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Report: Iowa must diversify to grow population, economy
Gross state product grew in 2022 but lags behind other states, Iowa Business Council finds
As Iowa’s population growth continues to trail behind other states, Iowa policymakers and business leaders must invest in strategies to grow and diversify urban and rural communities, according to the Iowa Business Council’s annual report.
Iowa’s gross state product grew to nearly $217 billion in 2022 — up from $194.3 billion in 2021, per the report released Thursday.
Iowa Business Council Chairman Phil Jasper, president of Mission Systems at Collins Aerospace, said the 11 percent increase indicates Iowa’s resiliency emerging from the COVID-19 pandemic.
“That's vitally important as we look at potential economic headwinds ahead of us,” Jasper said.
The annual report, Iowa’s Competitive Dashboard, measures Iowa’s progress in five categories compared with other states and serves as a tool to policymakers and business leaders in determining policies that will strengthen Iowa's economy.
This category needs the most improvement, Jasper said, noting Iowa’s population growth lags behind other states — ranking at No. 31 — and No. 45 in ethnic diversity.
According to the report, Iowa’s net migration dropped by nearly 1,900 people compared to the previous report.
“Iowa’s population needs to grow in order for business opportunities to expand and to provide opportunities for the next generation of Iowans,” Jasper said.
A group of about a dozen Ankeny businesses this week released a statement opposing GOP-backed bills that Iowa lawmakers are debating, including but not limited to legislation targeting the LGBTQ population.
Republican lawmakers passed a bill Wednesday banning gender-affirming care for minors. Other bills have been passed by at least one chamber, including a bill prohibiting transgender students from using school bathrooms that correspond with their gender identity and a ban on instruction on gender identity and sexual orientation in kindergarten through sixth grade.
Asked whether such legislation helps or hurts Iowa, Joe Murphy, executive director of the Business Council, said the organization “believes in creating a welcoming and inclusive environment throughout our member organizations.”
“Our association acts on this by dedicating time at each board meeting to discuss best practices and share perspectives and strategies on how businesses can continue to be welcoming and inclusive to every Iowan within our organizations,” Murphy said.
Specifically, the Business Council backs immigration reform. The report highlighted the federal Afghan Adjustment Act, a bipartisan proposal that provides a path to permanent residency status to Afghans who were evacuated to the U.S. in 2021.
Murphy said the Iowa Business Council supported the income tax reform legislation Gov. Kim Reynolds signed into law in 2022.
The law will bring the personal income tax rate to a flat 3.9 percent rate for all residents by 2026. Reynolds and lawmakers also dropped the Iowa corporate income tax rate from 9.8 percent to 5.5 percent and eliminated state tax on retirement income.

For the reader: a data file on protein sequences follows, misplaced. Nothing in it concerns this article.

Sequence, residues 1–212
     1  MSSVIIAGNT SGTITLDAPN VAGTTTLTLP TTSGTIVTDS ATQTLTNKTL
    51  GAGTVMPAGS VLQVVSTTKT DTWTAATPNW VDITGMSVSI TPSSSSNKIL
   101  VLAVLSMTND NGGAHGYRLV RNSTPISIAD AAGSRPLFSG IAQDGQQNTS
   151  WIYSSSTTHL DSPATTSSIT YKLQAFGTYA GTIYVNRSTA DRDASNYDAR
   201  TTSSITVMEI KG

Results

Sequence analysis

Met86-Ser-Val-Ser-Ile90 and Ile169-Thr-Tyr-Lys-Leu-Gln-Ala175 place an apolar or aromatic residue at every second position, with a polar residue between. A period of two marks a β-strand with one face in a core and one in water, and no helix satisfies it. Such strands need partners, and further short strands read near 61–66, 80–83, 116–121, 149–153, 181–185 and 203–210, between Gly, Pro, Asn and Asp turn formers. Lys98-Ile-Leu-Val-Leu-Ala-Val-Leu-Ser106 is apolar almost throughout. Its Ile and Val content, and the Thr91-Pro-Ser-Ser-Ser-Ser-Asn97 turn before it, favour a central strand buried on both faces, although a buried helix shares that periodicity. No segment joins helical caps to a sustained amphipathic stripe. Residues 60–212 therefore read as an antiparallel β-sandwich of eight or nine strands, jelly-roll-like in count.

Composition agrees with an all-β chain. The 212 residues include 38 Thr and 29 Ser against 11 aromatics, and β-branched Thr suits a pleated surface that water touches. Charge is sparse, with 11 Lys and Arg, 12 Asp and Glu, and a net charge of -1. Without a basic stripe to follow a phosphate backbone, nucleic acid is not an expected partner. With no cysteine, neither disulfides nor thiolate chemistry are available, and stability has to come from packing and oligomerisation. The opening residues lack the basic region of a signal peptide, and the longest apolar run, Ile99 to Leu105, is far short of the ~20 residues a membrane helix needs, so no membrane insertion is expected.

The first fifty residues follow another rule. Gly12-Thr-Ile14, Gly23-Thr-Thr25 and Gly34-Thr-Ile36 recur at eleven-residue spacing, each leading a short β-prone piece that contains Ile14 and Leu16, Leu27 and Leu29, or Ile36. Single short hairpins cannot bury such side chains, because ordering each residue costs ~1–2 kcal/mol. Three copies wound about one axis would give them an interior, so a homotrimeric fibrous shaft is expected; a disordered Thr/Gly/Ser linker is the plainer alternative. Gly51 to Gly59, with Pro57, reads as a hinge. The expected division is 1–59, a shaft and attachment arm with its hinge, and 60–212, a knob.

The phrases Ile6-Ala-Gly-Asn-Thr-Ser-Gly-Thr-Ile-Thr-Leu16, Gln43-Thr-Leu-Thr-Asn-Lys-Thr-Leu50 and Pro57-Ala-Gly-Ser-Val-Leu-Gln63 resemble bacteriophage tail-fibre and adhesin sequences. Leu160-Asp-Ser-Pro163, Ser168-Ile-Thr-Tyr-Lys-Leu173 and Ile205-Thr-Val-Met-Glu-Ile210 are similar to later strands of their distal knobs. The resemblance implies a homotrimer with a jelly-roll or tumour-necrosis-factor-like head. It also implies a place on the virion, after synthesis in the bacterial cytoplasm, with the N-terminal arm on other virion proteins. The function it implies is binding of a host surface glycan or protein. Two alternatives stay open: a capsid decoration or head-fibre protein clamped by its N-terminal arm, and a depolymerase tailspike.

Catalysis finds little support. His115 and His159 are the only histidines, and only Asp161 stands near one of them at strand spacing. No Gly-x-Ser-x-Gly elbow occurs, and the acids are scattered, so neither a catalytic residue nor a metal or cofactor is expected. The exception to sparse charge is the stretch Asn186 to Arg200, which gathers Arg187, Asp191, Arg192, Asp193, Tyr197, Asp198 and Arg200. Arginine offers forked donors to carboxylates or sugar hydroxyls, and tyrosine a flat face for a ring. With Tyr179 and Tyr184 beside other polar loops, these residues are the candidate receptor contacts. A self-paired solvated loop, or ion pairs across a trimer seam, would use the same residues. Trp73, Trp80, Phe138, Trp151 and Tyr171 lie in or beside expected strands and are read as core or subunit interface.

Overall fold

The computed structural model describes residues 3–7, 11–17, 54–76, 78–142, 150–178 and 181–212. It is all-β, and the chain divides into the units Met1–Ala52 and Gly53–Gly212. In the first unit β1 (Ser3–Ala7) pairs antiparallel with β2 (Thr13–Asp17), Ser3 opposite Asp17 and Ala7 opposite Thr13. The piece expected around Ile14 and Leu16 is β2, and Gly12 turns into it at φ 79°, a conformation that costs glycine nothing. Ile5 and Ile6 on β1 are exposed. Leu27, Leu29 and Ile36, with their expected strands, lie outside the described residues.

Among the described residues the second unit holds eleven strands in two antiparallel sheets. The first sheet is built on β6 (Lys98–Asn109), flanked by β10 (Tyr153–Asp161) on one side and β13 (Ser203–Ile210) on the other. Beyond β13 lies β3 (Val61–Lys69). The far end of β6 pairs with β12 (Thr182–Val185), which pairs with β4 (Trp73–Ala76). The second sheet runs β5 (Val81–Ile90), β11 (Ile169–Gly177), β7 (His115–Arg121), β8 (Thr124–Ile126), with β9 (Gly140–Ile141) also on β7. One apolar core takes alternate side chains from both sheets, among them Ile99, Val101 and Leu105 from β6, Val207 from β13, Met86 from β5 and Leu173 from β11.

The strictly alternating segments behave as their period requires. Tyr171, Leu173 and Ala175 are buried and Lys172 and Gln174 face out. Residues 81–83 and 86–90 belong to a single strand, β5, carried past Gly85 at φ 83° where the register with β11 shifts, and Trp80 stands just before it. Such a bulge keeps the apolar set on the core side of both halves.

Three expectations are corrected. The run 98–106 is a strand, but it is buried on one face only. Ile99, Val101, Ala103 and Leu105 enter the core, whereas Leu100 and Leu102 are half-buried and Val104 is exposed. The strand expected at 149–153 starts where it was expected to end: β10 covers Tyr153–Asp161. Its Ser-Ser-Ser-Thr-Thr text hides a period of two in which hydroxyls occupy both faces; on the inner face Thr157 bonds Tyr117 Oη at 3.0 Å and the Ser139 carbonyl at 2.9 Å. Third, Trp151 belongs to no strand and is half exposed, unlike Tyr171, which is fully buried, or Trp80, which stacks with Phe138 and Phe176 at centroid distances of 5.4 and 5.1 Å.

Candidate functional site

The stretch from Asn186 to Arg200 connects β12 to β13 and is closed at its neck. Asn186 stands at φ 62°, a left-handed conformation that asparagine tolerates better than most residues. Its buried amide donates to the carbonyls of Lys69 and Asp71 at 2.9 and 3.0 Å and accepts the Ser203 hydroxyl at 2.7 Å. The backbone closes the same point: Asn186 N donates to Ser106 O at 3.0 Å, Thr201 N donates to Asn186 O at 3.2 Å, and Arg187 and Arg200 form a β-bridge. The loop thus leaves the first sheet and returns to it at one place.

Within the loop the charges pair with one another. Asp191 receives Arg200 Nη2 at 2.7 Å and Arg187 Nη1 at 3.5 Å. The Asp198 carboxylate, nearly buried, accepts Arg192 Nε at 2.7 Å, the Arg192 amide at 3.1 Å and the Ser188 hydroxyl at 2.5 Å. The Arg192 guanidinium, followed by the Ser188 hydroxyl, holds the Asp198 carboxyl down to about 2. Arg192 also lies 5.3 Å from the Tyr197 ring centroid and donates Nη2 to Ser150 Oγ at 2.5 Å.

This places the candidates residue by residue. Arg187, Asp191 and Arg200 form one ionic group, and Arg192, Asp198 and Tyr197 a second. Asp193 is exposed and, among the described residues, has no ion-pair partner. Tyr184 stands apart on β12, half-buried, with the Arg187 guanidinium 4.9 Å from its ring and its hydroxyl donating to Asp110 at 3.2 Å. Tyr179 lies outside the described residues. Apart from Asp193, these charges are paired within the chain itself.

“We're currently engaged in efforts to further reform our property tax system, while also ensuring tax cuts enacted last year are extended to include all types of businesses,” Jasper said.
“We believe that as the tax provisions last year take effect and are combined with our overall quality of life, Iowa will become an even more attractive place for people to live, work and thrive.”
Murphy said Iowa is a top-three state within the insurance industry nationally, with many companies headquartered or offering significant operations in Iowa. Insurance companies are taxed through the premium tax but not the corporate tax rates that other companies pay, Murphy said, so reducing the premium tax would be one policy to explore, along with overall property tax reform.
Jasper said Iowa’s labor force participation rate remains down compared with January 2020, before the pandemic. He said Iowa has about 37,000 fewer workers since then, when its labor force participation rate was 70 percent.
“Combined with our lack of population growth, this will continue to burden growth and opportunity in state,” Jasper said.
Despite Iowa’s GSP growth, it ranks No. 30 in the nation. Murphy said he anticipates improvement of this metric as tax reform measures take full effect and fuel more economic growth.
As part of a focus on work-based learning, the number of high school workplace learning opportunities increased from 121 Iowa high schools in 2020 to 360 in 2022.
According to the report, Iowa’s educational system fared better through the pandemic than the rest of the country. The report cited National Center for Educational Statistics data showing Iowa’s proficiency rates in reading and math experienced no statistical change through the pandemic.
Health and wellness
Iowa would be underperforming nationally in this category overall, were it not for the number of insured Iowans, Jasper said.
Iowa ranks No. 6 in the nation for percent of its population lacking health insurance — 4.8 percent in 2022.
The state’s percentage of obese people has stayed roughly the same at just over 36 percent.
Iowa has barely grown its number of primary care physicians per 100,000 residents, which was 86.3 as of 2021.
America’s Health Rankings also found Iowa has one of the highest instances of excessive drinking in the nation.
Data pertaining to mental health is not captured in the dashboard, but Murphy said the Business Council recognizes the impact mental health has on the economy. The council recommends boosting the supply of mental health professionals in Iowa and enhancing public mental health investment.
To view the full report, go to iowabusinesscouncil.org.
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